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In my last article I had a look at the white, blue and black commons of Fallen Empires. Now it’s time to finish that with red, green and artifacts.
As I mentioned in my first article on this set, Fallen Empires has a tribal theme. Every color has at least two tribes at war for power of their land. Red actualy has three tribes fighting each other; Dwarves, Orcs and Goblins. And the way the designers of the set have integrated this war within this color is very flavorfull on one card. Dwarven Soldiers gets a +0/+2 bonus when they are blocking or being blocked by an Orc. At 2/1 for 1R, this is a decent card.
Brassclaw Orcs is Ironclaw Orc’s bigger brother. A 3-powered creature for three mana is a good bargain. It can’t cumpblock, but in an aggressive deck, this is a solid, on-curve creature.
Goblin Grenade is probably the best constructed card in red. In a sealed or draft enviroment, it all depends on the number of goblins you open in the packs. If your have enough, this card is so powerful, but on it’s own, it doesn’t do anything. Since I’m looking to rate these cards from a limited perspective, this is not in my top 3.
Next up we have Orcish Spy. This little 1/1 let’s you take a look at the top 3 cards of any player’s library. Unfortunatly it doesn’t let you rearrange them or shuffle. This ability can be relevant in some decks, especially if you have a way to shuffle your library, or if you have Sylvan Library, which is in 4th Edition. Most of the time, it’s irrelevant.
My number three pick for red is Orcish Veteran. A 2/2 for three mana isn’t great and it can’t block any creature with power greater than 1. The fact that you can give him first strike is what makes him better in limited than the other 3-mana Orc.
Second place for me is Goblin Chirurgeon. A 0/2 for one mana is a great blocker in the early game. In the mid- and lategame, it’s ability is a great way to negate your opponent’s removal on a bigger threat. On top of that, the version with the artwork of Phil Foglio has so many awesome refeneces to other cards!
But the best red card is, in my opinion, Goblin War Drums. Since red is a natural aggressive color, this card fits perfectly. Forcing your opponent to double block a creature means that the more creatures you attack with, the more damage they will have to take.
Ah, the color of Thalids and Elves! Fungi and pointy ears. And Saprolings of course! Quick aside, when I started playing Magic, my favorite monster at the time was Verdant Force, which could make a huge army of Saprolings. To this day I have no idea what a Saproling is, but I know that if you have an army of them, they’re great!
Right, sorry for that…
Let’s go straight on to the cards.
The Elves have a fortress in the woods. Elven Fortress is an enchantment for G. For every 1G you spend, you can give a blocker +0/+1. This can be a good card in a more controling deck, able to make your creatures survive combat. But overall I’m not a fan.
Elvish Hunter is a 1/1 for 1G, something that green can do much better. The ability however is quite neat. Having one of your opponent’s creatures not untap for a turn, can turn off a potential blocker. Unfortunatly her ability does not tap the creature, so it only has an effect if the creature is already tapped.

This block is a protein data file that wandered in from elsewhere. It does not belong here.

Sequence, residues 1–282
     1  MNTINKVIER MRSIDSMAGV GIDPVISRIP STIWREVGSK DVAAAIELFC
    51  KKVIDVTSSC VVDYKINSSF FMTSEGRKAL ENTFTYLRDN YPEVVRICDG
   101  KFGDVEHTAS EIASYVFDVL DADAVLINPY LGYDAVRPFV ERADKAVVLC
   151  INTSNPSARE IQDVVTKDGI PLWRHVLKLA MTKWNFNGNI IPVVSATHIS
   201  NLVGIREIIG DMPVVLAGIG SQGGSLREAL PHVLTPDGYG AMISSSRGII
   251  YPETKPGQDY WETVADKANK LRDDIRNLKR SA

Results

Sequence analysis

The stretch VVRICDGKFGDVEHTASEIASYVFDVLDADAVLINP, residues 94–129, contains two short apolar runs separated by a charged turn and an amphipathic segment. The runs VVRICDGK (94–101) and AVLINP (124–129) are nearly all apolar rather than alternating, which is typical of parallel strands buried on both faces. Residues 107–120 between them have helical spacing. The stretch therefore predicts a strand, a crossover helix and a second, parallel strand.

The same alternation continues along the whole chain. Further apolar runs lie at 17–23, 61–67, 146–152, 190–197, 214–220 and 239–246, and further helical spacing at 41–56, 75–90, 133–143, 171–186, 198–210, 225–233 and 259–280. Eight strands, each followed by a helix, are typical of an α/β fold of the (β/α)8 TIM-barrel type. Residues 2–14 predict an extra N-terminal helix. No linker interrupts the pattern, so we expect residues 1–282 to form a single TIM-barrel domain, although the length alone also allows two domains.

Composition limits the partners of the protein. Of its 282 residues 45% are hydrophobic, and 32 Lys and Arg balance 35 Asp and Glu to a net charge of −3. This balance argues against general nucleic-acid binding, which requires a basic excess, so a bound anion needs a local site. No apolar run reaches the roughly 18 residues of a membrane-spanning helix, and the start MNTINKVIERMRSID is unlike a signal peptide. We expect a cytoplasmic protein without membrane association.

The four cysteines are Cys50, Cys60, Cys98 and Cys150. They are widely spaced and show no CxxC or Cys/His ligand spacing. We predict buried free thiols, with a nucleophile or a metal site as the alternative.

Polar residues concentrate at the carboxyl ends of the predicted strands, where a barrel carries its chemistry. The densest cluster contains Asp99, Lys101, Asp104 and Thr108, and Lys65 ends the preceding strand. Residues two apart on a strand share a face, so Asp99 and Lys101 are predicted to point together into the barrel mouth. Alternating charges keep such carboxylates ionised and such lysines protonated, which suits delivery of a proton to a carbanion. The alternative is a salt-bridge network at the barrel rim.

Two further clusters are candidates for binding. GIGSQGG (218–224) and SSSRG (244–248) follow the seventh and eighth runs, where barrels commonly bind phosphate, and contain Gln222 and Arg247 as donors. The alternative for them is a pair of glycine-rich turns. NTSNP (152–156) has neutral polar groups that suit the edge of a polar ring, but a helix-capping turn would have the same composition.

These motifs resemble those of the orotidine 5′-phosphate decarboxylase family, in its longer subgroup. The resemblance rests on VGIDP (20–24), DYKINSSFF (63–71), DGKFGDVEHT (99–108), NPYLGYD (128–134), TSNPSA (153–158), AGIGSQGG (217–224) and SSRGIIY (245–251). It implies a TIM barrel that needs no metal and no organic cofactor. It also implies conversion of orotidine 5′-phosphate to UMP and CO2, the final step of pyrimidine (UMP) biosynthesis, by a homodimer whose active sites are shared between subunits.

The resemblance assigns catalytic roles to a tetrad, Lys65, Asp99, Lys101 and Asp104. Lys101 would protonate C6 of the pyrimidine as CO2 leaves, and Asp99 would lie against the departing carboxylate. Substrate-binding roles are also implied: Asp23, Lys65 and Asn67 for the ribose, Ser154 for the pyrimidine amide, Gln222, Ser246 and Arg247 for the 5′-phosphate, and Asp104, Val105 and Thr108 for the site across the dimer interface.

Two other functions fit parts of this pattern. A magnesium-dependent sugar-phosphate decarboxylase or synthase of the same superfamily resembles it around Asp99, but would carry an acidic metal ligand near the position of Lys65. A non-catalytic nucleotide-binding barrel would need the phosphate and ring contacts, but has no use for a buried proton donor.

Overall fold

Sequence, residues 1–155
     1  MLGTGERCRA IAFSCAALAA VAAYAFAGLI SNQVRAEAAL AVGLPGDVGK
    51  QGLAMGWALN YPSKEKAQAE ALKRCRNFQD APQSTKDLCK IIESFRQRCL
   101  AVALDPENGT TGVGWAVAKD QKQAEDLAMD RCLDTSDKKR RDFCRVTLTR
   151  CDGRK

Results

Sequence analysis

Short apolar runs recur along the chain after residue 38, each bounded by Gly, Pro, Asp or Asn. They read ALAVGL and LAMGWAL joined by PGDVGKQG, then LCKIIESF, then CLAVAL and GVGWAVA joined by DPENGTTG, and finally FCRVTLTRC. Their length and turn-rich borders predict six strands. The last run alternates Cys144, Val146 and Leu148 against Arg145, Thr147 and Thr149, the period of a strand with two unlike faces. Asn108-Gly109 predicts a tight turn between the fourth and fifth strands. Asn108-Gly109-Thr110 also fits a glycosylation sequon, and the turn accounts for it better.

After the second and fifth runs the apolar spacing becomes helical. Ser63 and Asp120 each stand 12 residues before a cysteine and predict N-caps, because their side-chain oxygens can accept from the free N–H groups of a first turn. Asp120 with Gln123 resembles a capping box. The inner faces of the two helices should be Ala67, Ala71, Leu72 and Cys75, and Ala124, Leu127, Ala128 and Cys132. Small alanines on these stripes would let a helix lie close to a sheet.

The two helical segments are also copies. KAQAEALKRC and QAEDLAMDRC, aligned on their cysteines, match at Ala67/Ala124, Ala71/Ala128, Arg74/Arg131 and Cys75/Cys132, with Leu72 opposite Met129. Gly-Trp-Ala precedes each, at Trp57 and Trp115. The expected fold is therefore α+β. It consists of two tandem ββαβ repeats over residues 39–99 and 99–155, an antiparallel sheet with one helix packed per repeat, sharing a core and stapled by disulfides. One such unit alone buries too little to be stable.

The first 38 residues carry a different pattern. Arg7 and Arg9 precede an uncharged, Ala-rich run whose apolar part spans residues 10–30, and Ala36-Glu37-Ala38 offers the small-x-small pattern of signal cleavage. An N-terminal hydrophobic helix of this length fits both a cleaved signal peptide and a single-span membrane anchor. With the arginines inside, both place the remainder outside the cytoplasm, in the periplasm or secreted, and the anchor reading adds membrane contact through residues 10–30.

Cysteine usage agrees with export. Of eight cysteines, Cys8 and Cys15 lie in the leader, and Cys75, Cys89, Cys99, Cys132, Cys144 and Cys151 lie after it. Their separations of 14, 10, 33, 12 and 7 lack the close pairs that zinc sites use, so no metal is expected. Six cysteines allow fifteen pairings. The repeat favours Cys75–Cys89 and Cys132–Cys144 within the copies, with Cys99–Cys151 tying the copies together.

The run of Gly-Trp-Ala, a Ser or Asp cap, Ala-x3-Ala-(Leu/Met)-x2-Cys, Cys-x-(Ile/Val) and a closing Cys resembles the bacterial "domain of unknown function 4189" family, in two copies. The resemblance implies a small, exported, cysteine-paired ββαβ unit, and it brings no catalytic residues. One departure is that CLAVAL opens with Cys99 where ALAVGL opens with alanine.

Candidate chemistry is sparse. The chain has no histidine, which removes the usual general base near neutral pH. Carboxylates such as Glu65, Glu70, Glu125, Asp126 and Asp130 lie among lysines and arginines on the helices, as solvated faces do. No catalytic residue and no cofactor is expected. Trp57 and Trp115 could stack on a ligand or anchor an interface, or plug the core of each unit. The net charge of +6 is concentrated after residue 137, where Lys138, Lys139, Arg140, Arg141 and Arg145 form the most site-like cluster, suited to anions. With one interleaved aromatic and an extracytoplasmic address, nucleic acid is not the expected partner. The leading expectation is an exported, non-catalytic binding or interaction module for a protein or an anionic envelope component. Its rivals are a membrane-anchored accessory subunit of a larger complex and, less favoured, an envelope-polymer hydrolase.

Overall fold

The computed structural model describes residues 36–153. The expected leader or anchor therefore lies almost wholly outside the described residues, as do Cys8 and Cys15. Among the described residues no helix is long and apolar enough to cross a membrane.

The last common Elf in this set is Elvish Scout. His/her (remember, there’s multiple artworks for all commons) ability makes you untap one of your attackers and that doesn’t deal, nor recieve combat damage. So if your opponent has a combattrick up his sleeve like a Giant Growth (also in 4th Edition), you can save your creature from dying. A fringe ability and therefore the Scout doesn’t make my top three.
Neither does Spore Cloud. For 1GG, best thing I can see this card do, is being an overpriced Fog which let’s the creatures remain tapped. If you can combine it with Elvish Hunter, you can lock down a creature for good, however.
So on with my top 3 green commons. In third place, I choose Thallid. A 1/1 for G isn’t bad. And if you manage to keep it aroud long enough, it will create more creatures as time passes. This process is very slow, and I have no idea if you even can stick it around long enough, but I like it nontheless.
Second place for me is Thorn Thallid. 2/2 for 1GG isn’t much, but just like Thallid, if you can keep it around long enough, it can ping every 3 turns.
Wow, I just read that last bit out loud and it made me realise that most common cards of Fallen Empires are realy bad…
Anyway, my favorite green common is Night Soil. With Hymn to Tourach in the same set and the fact that limited is about combat, chances of having 2 creatures in a single graveyard are quite high. And as the game progresses, having the ability to keep adding creatures to the battlefield can seal the deal.
Delif’s Cone is the only common artifact in the set, so there’s no top 3 to pick. It is a funny little artifact. at 0 mana, and no manacost to activate it’s ability, you can gain life instead of dealing damage with a creature once. There are many ways to use this. Most of us have probably learned that gaining life let’s you not lose the game. But not losing isn’t the same as winning the game. This is why I’m not keen on this card, but in times of despair, this might just save you from death.
So there you have it. Alle the commons of Fallen Empires. I hope you enjoyed my reviews and let me know if you agree or disagree with my choices in the comment section!
Join me next time when I look at some strategies that 4th Edition, Fallen Empires and Chronicles combined create.